The idea to write about the dealership management system market came a little more than a year ago, on the floor of the 2020 NADA Show in Las Vegas.
Days earlier, dealership technology company DealerSocket had completed its acquisition of DMS provider Auto/Mate. CDK Global CEO Brian Krzanich wrote a letter that week to his dealership customers, promising continued investment in better customer service and simplified billing. And a startup called Tekion rolled out its new DMS platform around the show, calling itself a market disrupter.
I talked with nearly every DMS provider on the show floor that week. I filled my notebook with insights to explore when I returned to Michigan. A month later, the coronavirus pandemic locked down much of the U.S. My story idea went on hold while the Automotive News team reported on the escalating crisis, from documenting state and local stay-at-home orders that often changed by the day to helping dealers understand the impact on their operations.
A year later, exploring the state of the DMS market is as relevant a topic as ever. Dealers in 2020 accelerated their use of dealership technology and digital sales processes. Many said it became necessary to quickly adapt to consumers' changing preferences, and they need technology to help them do that.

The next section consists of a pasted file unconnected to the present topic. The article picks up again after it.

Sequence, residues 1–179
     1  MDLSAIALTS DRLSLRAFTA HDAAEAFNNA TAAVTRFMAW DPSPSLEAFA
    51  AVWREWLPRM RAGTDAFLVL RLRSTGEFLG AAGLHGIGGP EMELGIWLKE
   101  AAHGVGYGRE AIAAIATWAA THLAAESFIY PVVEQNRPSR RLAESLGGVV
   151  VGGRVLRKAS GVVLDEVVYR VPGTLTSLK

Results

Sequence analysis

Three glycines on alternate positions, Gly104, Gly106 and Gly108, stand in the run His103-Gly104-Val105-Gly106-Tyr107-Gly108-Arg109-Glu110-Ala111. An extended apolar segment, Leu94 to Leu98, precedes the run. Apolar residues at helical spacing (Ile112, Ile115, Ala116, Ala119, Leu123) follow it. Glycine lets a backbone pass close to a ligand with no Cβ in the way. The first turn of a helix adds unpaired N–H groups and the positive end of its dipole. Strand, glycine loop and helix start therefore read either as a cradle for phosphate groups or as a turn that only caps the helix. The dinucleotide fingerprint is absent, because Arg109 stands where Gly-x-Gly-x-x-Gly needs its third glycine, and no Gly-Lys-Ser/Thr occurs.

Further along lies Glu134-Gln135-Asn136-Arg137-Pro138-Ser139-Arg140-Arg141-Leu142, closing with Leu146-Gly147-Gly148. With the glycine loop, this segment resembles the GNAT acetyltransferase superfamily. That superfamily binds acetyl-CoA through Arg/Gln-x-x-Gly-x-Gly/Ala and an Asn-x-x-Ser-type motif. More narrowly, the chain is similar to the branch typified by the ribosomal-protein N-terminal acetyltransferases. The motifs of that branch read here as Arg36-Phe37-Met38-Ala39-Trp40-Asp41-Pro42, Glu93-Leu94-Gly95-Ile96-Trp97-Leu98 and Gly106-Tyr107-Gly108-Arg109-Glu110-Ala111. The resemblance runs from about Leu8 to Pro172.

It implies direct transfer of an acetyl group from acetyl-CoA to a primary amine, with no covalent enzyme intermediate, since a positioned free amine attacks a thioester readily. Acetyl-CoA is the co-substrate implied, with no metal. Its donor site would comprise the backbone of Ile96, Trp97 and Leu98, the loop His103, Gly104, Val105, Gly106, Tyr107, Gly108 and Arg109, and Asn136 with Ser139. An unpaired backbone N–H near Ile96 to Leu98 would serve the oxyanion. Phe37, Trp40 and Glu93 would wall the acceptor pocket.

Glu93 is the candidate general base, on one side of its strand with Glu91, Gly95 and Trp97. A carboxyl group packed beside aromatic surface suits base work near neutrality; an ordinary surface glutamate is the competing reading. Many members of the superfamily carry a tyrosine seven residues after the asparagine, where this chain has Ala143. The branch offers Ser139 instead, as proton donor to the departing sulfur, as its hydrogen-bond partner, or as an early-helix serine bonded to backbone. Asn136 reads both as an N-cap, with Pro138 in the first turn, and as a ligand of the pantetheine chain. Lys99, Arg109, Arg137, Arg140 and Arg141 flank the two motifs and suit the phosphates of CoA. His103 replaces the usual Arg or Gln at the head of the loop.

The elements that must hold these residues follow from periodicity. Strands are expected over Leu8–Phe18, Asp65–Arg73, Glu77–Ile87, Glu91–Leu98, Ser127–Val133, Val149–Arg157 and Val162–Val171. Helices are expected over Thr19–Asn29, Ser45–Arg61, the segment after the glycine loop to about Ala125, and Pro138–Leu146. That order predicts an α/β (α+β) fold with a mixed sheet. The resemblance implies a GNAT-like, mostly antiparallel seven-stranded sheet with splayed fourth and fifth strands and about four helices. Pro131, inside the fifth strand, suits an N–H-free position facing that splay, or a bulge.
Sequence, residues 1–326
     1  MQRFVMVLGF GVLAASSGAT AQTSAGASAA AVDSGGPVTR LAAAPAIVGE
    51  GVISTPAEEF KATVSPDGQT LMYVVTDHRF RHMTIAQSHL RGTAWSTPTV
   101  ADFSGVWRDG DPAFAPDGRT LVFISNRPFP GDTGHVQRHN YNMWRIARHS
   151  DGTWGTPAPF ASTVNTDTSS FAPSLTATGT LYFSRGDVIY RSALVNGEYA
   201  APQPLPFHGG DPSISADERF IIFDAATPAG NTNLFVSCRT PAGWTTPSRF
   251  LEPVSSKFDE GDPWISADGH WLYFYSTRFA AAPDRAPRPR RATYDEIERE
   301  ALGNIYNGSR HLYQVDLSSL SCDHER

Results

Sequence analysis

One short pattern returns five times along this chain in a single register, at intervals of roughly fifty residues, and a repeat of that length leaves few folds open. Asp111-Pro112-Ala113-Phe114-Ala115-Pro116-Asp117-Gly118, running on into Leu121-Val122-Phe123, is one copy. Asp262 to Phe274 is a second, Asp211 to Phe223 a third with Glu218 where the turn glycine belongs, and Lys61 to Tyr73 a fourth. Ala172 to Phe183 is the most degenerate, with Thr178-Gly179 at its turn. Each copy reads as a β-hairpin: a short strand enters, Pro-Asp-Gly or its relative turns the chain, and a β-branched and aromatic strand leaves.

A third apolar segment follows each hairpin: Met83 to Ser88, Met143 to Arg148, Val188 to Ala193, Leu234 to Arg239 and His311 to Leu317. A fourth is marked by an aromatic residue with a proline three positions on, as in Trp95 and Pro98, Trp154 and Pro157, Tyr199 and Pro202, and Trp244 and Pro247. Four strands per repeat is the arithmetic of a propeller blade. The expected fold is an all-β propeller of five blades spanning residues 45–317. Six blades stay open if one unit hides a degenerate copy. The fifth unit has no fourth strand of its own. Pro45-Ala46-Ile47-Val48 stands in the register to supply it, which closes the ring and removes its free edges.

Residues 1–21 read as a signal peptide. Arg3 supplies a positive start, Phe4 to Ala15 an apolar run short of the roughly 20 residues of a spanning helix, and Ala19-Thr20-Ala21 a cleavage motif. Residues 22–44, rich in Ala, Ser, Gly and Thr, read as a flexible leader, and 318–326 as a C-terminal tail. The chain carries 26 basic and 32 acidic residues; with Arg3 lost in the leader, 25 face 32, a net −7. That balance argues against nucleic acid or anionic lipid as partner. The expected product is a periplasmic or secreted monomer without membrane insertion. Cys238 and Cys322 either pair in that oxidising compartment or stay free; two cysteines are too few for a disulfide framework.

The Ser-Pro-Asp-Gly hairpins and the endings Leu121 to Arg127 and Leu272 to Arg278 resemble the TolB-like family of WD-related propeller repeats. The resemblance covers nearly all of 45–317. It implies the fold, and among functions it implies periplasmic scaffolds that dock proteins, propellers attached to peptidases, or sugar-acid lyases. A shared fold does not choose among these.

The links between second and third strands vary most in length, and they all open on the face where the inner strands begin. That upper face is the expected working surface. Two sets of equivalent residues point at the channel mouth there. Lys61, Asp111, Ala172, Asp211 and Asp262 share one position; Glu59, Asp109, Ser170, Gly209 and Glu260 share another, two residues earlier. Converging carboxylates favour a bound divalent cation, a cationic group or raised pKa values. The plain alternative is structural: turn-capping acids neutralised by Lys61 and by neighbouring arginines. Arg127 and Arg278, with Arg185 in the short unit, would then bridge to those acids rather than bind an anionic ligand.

Established DMS providers have been working to improve their technology. Newcomer Tekion says its cloud-native platform delivers an Amazon-like experience. Smaller companies are investing in new products to better compete with larger providers as they look to grow. A consultant who helps dealerships with DMS conversions told me the market flux has created more choices — and more leverage — for dealerships. And DMS companies say the increased competition pushes all of them to become better.
How the market shakes out, especially as auto retailing emerges from the pandemic, will be interesting to watch.